First, the physical act of carrying and then delivering a child (or two – I’m lucky enough to have twins…) is physically exhausting. I couldn’t work as hard while I was pregnant as I could beforehand. Second, it takes over your brain in a way that it doesn’t seem to for the father. Babies become real to women much earlier on in the process than they do for men. I spent so much of my time thinking and reading about pregnancy, the birth, new babies, what we’d need to buy, how our lives would change etc., that I really got hardly any work done at all. Once the baby is born, something happens to your brain, at least in the short term, and this is something that highly intelligent female colleagues have also experienced. I found it incredibly difficult to concentrate on science when my children were babies. I don’t think this really happens to men. They might still be very involved and do their fair share around the house and take their turn at night feeds (if possible) but I don’t think they experience the “brain melt”, and this takes a while to get over.
Now that my children are a bit older (2, 2 and 4), I think my brain functions just fine, but my priorities have definitely changed. I used to quite regularly stay late at work during the week and at the weekends, but now I always leave work by 5pm and only work in the evening on weekends if I absolutely have to. I am not prepared to miss the evening with my children during the week. At the weekend, I spend the day with my children and running around after 3 small ones from 6am to 7pm is pretty exhausting so working in the evening is a challenge. Shouldn’t this be true of men too? I’m sure it is true of many men, but I have also worked with several male colleagues at the same career stage as me, with young children, who regularly stay late at work. I’m not aware of any women who do this. So if I was asked to be an AE now would I jump at the chance? Of course I would, but I know what to expect; if I didn’t, given my massively increased workload since becoming a tenured lecturer and the increased priority of time with my children, if I didn’t know what to expect I’d certainly ask!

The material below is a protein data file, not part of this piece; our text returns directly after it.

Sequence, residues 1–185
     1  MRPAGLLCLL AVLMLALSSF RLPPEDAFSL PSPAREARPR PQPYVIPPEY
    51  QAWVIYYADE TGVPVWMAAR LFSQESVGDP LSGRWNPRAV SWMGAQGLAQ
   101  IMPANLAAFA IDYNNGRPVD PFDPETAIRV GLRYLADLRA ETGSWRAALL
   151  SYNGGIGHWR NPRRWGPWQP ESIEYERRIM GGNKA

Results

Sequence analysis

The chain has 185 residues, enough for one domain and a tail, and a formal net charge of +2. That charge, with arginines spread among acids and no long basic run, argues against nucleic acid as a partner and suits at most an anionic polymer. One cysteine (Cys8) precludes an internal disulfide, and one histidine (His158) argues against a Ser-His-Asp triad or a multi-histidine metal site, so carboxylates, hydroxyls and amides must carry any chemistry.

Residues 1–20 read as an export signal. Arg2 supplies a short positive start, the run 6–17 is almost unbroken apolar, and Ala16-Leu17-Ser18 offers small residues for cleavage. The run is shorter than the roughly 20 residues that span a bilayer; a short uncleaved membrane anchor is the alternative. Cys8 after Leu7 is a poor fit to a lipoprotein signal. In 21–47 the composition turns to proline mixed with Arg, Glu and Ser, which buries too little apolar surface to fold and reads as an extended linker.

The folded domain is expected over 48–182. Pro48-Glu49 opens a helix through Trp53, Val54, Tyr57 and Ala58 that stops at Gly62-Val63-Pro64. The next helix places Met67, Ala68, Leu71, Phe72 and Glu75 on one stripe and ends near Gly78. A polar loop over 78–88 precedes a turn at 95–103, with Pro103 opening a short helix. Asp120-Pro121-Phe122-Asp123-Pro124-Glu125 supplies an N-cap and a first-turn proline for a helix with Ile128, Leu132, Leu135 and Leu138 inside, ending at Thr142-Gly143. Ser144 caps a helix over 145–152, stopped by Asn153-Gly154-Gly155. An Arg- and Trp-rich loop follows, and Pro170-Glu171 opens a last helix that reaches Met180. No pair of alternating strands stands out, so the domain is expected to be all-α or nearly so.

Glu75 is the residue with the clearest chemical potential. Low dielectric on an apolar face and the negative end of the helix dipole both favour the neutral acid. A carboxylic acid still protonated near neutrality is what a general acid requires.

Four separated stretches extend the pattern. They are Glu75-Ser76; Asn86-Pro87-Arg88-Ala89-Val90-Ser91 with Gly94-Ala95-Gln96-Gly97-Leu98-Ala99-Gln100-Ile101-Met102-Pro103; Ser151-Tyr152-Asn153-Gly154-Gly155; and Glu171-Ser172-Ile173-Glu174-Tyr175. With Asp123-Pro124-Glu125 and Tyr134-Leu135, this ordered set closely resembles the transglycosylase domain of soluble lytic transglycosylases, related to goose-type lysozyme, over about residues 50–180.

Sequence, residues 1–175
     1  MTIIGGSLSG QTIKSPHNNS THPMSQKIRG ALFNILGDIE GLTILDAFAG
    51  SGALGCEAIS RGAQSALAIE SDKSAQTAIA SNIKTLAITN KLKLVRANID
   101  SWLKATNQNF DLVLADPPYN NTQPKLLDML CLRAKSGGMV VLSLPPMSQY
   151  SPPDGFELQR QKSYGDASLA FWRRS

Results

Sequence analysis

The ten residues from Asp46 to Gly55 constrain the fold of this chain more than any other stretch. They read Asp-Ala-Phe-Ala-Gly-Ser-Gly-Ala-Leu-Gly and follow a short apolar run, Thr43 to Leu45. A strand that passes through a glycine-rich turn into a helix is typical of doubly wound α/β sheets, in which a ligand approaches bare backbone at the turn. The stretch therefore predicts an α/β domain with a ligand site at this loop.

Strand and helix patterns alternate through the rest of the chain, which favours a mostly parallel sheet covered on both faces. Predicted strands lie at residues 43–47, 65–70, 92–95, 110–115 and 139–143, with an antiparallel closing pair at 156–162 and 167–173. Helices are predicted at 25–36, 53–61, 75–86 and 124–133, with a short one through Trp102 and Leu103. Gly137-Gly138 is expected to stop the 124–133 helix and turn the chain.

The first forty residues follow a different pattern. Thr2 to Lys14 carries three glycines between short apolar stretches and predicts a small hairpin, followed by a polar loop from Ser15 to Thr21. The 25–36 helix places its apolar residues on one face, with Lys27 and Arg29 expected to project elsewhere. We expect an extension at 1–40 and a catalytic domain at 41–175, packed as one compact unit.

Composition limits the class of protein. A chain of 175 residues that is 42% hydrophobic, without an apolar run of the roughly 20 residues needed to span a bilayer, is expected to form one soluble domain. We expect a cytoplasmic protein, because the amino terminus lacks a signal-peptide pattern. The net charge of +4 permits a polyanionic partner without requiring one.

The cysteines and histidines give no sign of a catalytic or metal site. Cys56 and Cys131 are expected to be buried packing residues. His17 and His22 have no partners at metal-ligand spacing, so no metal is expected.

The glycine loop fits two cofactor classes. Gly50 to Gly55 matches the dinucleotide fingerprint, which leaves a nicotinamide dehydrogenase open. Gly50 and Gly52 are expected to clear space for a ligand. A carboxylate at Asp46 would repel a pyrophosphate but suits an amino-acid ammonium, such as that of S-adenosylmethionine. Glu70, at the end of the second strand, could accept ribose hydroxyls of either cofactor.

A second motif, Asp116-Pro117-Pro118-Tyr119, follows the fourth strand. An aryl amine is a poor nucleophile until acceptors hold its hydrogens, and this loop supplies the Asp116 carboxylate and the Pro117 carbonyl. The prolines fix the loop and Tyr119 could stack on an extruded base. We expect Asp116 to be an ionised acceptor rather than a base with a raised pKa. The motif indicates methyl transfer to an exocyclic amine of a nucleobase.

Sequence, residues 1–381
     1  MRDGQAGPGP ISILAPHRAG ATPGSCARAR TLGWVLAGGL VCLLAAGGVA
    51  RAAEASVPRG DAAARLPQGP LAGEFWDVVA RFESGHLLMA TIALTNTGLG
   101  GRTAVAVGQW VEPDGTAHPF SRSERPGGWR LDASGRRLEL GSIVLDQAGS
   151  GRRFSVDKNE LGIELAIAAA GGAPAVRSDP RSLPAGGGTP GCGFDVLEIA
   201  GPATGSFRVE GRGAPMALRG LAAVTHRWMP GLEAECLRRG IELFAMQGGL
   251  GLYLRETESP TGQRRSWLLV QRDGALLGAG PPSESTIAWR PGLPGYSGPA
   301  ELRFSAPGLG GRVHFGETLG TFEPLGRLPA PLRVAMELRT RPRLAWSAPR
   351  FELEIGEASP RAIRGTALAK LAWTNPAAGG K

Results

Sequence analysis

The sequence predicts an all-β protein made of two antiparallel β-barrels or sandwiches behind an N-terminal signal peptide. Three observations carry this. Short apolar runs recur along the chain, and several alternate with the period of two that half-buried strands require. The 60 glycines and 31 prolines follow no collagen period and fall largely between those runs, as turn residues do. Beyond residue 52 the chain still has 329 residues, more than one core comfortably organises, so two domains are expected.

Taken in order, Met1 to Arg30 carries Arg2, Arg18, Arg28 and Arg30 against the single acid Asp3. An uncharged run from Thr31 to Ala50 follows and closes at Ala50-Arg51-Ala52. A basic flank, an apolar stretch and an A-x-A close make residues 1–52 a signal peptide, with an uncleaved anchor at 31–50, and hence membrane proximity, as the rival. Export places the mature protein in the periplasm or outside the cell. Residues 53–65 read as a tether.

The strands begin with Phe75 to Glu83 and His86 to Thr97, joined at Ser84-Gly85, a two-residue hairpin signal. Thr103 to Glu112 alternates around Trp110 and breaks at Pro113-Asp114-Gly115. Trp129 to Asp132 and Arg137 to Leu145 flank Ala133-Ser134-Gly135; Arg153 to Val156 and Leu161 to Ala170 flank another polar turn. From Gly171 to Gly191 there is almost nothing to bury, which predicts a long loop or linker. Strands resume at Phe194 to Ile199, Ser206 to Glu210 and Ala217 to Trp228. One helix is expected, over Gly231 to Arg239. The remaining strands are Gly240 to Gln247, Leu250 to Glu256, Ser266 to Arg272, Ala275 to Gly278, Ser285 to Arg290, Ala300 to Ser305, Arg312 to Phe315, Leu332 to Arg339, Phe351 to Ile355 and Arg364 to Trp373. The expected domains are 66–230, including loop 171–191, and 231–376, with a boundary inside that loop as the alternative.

So how do we increase the number of female AEs? We approach suitably qualified female candidates and make it clear that the workload isn’t onerous and you can balance it by reducing the numbers of papers you accept to review. It is a prestigious position, increases your profile and looks good on your CV. It is vital to increase the visibility of female scientists as this can help to redress the unconscious association of “science” with “men” and increasing the pool of experienced female AEs will hopefully result in one of us applying to be a Senior Editor in the near future – watch out Ken!
Sheena Cotter, Associate Editor